Big Will Win, If We Let It
As the coronavirus pandemic unfolds, so far it appears #BigWillWin in health care (in other areas too, but we focus on health policy at M2!).
For example, spending on primary care in the U.S. is comparatively low, accounting for 5 to 7% of total U.S. spending, and primary care practitioners are among the lowest paid specialties. The combination of already low payment and patients’ inability to use telehealth as a substitute for face-to-face visits has meant nearly half of primary care practices in an April survey said they are experiencing “financial strains threatening practice closures.”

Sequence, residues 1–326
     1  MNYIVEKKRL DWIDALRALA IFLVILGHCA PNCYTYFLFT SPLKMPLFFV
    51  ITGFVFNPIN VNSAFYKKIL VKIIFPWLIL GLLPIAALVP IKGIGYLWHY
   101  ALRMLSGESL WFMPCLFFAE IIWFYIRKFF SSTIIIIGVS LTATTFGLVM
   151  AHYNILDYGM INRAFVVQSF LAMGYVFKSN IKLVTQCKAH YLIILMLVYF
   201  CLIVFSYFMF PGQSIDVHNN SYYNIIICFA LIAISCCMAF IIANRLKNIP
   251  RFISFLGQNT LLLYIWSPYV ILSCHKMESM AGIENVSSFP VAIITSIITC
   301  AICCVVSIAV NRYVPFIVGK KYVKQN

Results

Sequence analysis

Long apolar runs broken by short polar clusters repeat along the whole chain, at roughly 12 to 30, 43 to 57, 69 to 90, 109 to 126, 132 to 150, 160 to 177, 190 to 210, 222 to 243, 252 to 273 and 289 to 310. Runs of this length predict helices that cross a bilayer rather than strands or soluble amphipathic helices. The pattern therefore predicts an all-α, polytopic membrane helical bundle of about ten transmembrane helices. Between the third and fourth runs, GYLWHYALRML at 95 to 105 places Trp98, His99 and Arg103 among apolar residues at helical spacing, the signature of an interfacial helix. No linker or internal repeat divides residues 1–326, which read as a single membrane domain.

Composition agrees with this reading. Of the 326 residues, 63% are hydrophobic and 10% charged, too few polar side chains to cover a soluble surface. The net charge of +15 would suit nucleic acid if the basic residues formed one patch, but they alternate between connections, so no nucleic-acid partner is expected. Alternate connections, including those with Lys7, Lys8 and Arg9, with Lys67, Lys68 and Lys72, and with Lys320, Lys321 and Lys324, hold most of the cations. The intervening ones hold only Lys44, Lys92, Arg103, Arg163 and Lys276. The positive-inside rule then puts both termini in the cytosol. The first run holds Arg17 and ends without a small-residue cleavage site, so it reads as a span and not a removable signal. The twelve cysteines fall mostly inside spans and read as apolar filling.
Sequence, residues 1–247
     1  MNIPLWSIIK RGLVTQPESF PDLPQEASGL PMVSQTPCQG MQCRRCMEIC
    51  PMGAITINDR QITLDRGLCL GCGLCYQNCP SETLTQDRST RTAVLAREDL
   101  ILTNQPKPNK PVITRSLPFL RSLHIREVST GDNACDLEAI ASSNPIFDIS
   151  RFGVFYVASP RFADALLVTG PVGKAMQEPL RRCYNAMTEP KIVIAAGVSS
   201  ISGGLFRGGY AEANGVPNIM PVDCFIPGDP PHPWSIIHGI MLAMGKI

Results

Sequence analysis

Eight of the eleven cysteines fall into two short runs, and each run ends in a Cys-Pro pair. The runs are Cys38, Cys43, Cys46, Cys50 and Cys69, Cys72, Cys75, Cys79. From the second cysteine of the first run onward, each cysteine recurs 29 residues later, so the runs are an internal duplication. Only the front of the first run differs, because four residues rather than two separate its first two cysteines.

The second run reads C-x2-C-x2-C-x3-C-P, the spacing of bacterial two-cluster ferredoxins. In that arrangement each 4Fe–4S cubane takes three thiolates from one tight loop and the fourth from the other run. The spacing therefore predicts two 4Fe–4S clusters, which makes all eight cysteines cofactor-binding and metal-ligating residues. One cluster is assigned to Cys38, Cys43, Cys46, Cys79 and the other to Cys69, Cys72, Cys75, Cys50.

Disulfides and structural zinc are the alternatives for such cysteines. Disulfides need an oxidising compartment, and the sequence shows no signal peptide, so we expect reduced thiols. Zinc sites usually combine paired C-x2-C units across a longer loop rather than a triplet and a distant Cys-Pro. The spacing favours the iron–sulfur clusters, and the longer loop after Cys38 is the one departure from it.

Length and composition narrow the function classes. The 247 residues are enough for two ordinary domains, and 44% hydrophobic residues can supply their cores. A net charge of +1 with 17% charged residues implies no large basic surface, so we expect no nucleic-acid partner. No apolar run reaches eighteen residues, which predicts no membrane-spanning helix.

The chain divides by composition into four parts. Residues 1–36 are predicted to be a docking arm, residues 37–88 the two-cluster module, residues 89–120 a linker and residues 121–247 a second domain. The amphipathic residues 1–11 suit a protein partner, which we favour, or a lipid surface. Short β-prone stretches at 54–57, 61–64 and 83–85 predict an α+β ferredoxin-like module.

But Walmart Health is expanding, as “physician practices face cash crunch.” Teladoc saw a 50% week over week coronavirus surge in March, even though it already provides access to 50,000+ medical experts for more than 36 million patients.
More broadly, private equity was spending record amounts buying U.S. health care entities even before the pandemic, and 2019 marked the first time “employed physicians outnumber[ed] self-employed physicians.”
As a policy matter, #BigWillWin in health care if we let it, but are we thinking enough about whether that’s a good idea?